Unmatched with the code lines of Google and Apple, Chinese smartphones revived the “dot” race from the previous decade
- Tram Ho
Remember when movies were replaced by digital photos, tech-savvy people would just pick their cameras over “dots”? Nearly two decades later, Chinese smartphone companies want to launch this “low tech” race here.
When digital photos replaced film images in the early 2000s, the number of megapixels on cameras also became the most controversial “dots” in the field of photography. Camera manufacturers were then forced to choose a number that represented the quality of their photographs, and they chose “dots” because they simply changed and were easier to understand than any other number. . On the other hand, those who really understand the image will understand that Megapixel is a part – the lens specs and sensor size probably even more determine the image quality than the number of dots.
Then, digital cameras were gradually replaced. In 2007, Steve Jobs unveiled the iPhone screen, opening the “modern smartphone” revolution – intuitive hi-tech devices with all sorts of features, including the Internet and photography. Under pressure from both smartphones and social networks, the point-and-shoot camera market is almost extinct, even professional DSLRs after a few years of development have sunk into a constant recession. As a device that is carried by users almost anywhere, smartphones have also become the most popular cameras.
In 2019, this type of camera begins to witness a special trend: “dots” are revived. At the beginning of the year, the cheap smartphone king Xiaomi showed off the Redmi Note 7 with a 48MP camera. This resolution continued to be used for the top-of-the-line Mi 9 model, and by the end of the year Xiaomi was shocked by Mi Mix Alpha with a 108MP sensor. Even cheap CC models are equipped with 32MP front camera and 48MP rear camera.
Other rivals in China did not sit still and wait. On the top of the Reno table, OPPO uses a 48MP sensor. The mid-range OPPO K5 comes with a 64MP rear camera, which is on par with the resolution on the X2 model of its subsidiary Realme. Two brands of the same BKK family, OnePlus and Vivo also participate in the race of “dots”: OnePlus 7 Pro uses 48MP sensor, Vivo Nex 3 has 64MP sensor.
Having dominated the DxOMark rankings with “scores” below 20MP, this year Huawei also moved to the 40MP mark for both the P30 and Mate 30. Huawei’s Honor sub-brand in early October was also certified for the Note 10 with 64MP camera.
But in the end, what will the dreadful smartphone numbers bring? According to actual testing, sometimes all that users get is an advertising trick. For example, the Redmi Note 7 comes with the same chip that doesn’t support 48MP resolution. To reach this number, Xiaomi uses interpolation – the user doesn’t get any further details.
Equally controversial is the Mi 9: although the Mi 9’s chip supports 48MP, high-resolution photos do not bring any improvement compared to 12MP. According to the evaluation of GSM Arena , “The amount of detail collected is nothing special, the image is smooth and lots of noise, and while the dynamic range remains (as when shooting 12MP), the image size has been increased immeasurably. useful. We have taken a few 48MP models, and you can easily see why you should not use this option. ”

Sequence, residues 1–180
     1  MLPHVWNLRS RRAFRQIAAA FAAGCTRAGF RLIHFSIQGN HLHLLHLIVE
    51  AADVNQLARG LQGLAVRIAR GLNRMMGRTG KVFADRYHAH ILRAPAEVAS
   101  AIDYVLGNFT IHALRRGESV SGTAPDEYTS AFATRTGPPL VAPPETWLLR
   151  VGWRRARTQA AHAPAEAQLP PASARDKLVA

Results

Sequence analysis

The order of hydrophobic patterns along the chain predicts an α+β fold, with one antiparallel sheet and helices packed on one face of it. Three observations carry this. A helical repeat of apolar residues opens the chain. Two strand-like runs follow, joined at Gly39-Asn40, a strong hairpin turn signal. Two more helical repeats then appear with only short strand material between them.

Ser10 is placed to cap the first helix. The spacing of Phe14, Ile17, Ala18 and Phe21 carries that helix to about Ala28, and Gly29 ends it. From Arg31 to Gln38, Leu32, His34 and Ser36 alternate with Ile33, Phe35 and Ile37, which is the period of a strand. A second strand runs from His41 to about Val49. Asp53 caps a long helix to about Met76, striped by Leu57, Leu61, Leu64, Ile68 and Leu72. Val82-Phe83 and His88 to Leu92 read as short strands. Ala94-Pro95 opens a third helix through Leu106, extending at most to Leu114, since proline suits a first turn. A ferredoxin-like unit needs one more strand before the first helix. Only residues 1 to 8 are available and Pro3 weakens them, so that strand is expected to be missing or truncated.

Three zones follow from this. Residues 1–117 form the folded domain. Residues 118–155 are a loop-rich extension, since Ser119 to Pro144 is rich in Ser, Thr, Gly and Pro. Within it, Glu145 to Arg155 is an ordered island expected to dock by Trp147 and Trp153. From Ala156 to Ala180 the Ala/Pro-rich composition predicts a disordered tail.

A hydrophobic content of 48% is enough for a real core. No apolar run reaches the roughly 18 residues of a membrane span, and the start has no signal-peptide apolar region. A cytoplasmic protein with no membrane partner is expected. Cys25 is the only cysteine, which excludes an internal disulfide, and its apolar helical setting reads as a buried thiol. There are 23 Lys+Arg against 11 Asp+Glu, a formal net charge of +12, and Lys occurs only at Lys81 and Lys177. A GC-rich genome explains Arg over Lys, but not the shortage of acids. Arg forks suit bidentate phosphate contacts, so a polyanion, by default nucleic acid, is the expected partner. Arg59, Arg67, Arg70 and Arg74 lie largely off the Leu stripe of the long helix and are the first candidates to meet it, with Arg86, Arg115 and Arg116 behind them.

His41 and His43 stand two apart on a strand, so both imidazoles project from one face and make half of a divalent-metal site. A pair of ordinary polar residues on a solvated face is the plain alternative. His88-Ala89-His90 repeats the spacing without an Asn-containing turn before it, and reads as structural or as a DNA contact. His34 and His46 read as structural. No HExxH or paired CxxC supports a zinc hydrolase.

What about Huawei and OnePlus? In the low-light test, Android Authority said that both OnePlus 7T and Huawei P30 Pro are inferior to Pixel 4 and iPhone 11 in terms of detail. The Pixel 4 only uses dual 16MP and 12MP cameras, while the iPhone 11 Pro has only 12MP on all three sensors. Faced with the number “dots” of Chinese rivals, Apple and Google should have lost rather than such a brittle victory.
Actual test Mi 9 : 48MP photos are worse than 12MP photos on the same device….
Worst of all, high resolution also brings disadvantages. Taking the P30 Pro for street photography, The Next Web ‘s reviewer Mixtatic complained: “During my use of the P30 Pro, I missed quite a lot of beautiful pictures. Before shooting, I had to ‘predict’ what the subject would do, rather than ‘capture the moment’ with the camera. The P30 Pro makes it take longer to take a good picture, and I just want to give up at the same time! ”. High-resolution smartphones make smartphones take more time to process – and users pay the “moment”, the most important element of every photo.
With Xiaomi’s low-end smartphone or Realmi, high-resolution photos will be even more harmful. For example, GSMArena ‘s Mi 9T (Redmi K20) test showed that ” saving 48MP photos is a slow and expensive task – each image takes up to 30MB “. The chip used on Mi 9T is Snapdragon 730G; Lower-end smartphones certainly cost more.
High resolution for a photo will ruin the “soul” of the photo: lose the moment because the shot is too slow.
It’s hard to believe, but Chinese manufacturers are replicating the story of two decades ago, from the time digital cameras began to become popular. They are creating a pointless race of dots, which not only does not improve the image quality but also misses the moment, causing useless capacity.
But perhaps they have no choice. In this segment, Apple and Google are conducting a “race of computer photography ” full of myth. The details in the image depend not only on the size or number of dots, but also on the lines of code. There is a “good” algorithm, Pixel or iPhone can combine many moments into one, really increase the amount of detail and image quality in general.
As for Huawei or Xiaomi, there is no algorithm at that level … To create a sense of detail for users, they have to show dozens of MP.
Source : GenK